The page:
Catalog of the hispines of the World
(Coleoptera: Chrysomelidae: Cassidinae)
Hispines comprise half of the subfamily Cassidinae (sensu lato) in the family Chrysomelidae within the
order Coleoptera (Staines 2002a). Until recently, most authors treated the group as a separate subfamily.
continue to use “hispines” in
the traditional sense of the genera and species in the former subfamily Hispinae
(see Seeno & Wilcox 1982 for a list of genera).
There have been a number of catalogs on hispines. In addition to the country or regional catalogs, there are a number of catalogs dealing with the group on a world wide basis. The first was part of the Gemminger & Harold (1876) catalog of the Coleoptera. The first catalog of just hispines was Donckier (1899). Weise (1911a, 1911b) provided the hispine sections to the Coleopterorum Catalogus and Genera Insectorum. Uhmann (1957b, 1958e, 1964a) compiled the Coleopterorum Catalogus Supplementa.
I have attempted in this catalog to review the original literature when it was obtainable. The survey was
exhausting but not exhaustive. There are a number of papers which are not available in the United States or for
which I could not obtain a useable citation, these are included as "unavailable literature". I am sure that there are
a number of papers dealing with hispines which I have overlooked.
The reference citations are presented by current tribe and then alphabetically by genus and then species. Subspecies are included under the nominate species. I have attempted to include all combinations of a species name which I could locate as well as any misspellings. Type data is listed for each species plus the depository (if known) of the type material. This is followed by a chronological list of articles dealing with the species. Authors who published more than one article are listed by date after the first mention of the author’s name. After each citation I have tried to summarize in one or two words the content of the article. Most of these comments are easily understood but some need additional explanation. A faunal list deals with the species collected from a locality or collecting trip. A museum list covers the holdings of a specific museum. “Noted” refers to the species being merely mentioned in the article.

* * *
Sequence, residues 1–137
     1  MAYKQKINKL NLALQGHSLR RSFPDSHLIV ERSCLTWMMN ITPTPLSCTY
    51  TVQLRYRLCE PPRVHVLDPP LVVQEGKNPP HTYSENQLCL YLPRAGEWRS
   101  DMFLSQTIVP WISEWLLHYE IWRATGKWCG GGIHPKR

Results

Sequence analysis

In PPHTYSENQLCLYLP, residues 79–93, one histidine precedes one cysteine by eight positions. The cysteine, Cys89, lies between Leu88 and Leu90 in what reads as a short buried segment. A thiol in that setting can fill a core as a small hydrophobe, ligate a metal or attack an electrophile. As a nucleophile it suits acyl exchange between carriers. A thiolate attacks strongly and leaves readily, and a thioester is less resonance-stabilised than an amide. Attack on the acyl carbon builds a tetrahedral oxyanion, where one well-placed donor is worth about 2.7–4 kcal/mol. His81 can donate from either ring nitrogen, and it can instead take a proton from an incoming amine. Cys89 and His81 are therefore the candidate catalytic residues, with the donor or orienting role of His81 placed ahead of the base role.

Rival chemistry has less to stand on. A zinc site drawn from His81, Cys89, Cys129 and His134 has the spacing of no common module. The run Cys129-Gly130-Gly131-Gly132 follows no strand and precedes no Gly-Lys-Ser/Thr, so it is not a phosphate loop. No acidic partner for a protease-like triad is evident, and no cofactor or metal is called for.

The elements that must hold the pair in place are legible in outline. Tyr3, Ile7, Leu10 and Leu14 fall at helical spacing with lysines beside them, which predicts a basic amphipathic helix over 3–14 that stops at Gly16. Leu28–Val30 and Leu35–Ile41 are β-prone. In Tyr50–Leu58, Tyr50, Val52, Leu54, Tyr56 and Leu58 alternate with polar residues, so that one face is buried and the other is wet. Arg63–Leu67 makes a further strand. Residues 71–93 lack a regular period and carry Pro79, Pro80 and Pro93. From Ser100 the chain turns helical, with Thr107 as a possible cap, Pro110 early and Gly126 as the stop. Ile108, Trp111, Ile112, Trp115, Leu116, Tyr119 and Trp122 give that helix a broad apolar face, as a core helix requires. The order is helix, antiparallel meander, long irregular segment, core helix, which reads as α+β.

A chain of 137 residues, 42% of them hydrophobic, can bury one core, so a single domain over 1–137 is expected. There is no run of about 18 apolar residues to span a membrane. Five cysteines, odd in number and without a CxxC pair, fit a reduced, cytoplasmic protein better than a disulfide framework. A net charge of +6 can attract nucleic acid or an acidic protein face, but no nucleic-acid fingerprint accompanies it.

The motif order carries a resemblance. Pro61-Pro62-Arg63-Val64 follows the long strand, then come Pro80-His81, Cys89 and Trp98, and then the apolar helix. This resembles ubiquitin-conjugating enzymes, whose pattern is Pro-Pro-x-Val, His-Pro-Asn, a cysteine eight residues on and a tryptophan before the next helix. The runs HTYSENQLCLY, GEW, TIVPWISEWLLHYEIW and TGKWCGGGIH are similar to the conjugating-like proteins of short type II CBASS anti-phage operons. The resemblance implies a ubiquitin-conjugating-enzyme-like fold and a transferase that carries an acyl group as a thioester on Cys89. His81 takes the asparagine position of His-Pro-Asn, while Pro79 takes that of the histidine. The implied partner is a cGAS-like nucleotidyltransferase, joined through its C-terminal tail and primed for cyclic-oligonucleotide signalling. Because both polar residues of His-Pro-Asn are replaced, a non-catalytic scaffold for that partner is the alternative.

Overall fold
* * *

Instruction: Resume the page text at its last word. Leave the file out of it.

Distribution data is provided for each species. This is usually the country, though with larger countries, states or provinces are listed in parenthesis. I have attempted to update the names of provinces from the colonial era but in many instances I am not sure what the correct name of an area is.
Food plants, if known, are listed. I have made the effort to obtain the author and family of the plants but they may not be the currently accepted botanical name. If there is no author, I have not be able to find an attribution.
I have also embedded color photos of many of the species in the catalog. These photos are primarily taken from specimens in the Smithsonian Institution collection.
There is also a full bibliography arranged by author.
I would like to thank the staff at the Natural History Library, Smithsonian Institution, for their assistance in verifying and obtaining numerous articles dealing with hispines. Assistance in locating additional articles was provided by D. G. Furth, Smithsonian Institution, L. Roberts and A. S. Konstantinov, USDA Systematic Entomology Laboratory. Also the staff of the Anne Arundel County Public Library, especially the Edgewater Branch, helped to obtain additional articles.
S. L. Staines provided constant encouragement plus proof-read the entire catalog. Without her assistance this project would never have occurred.
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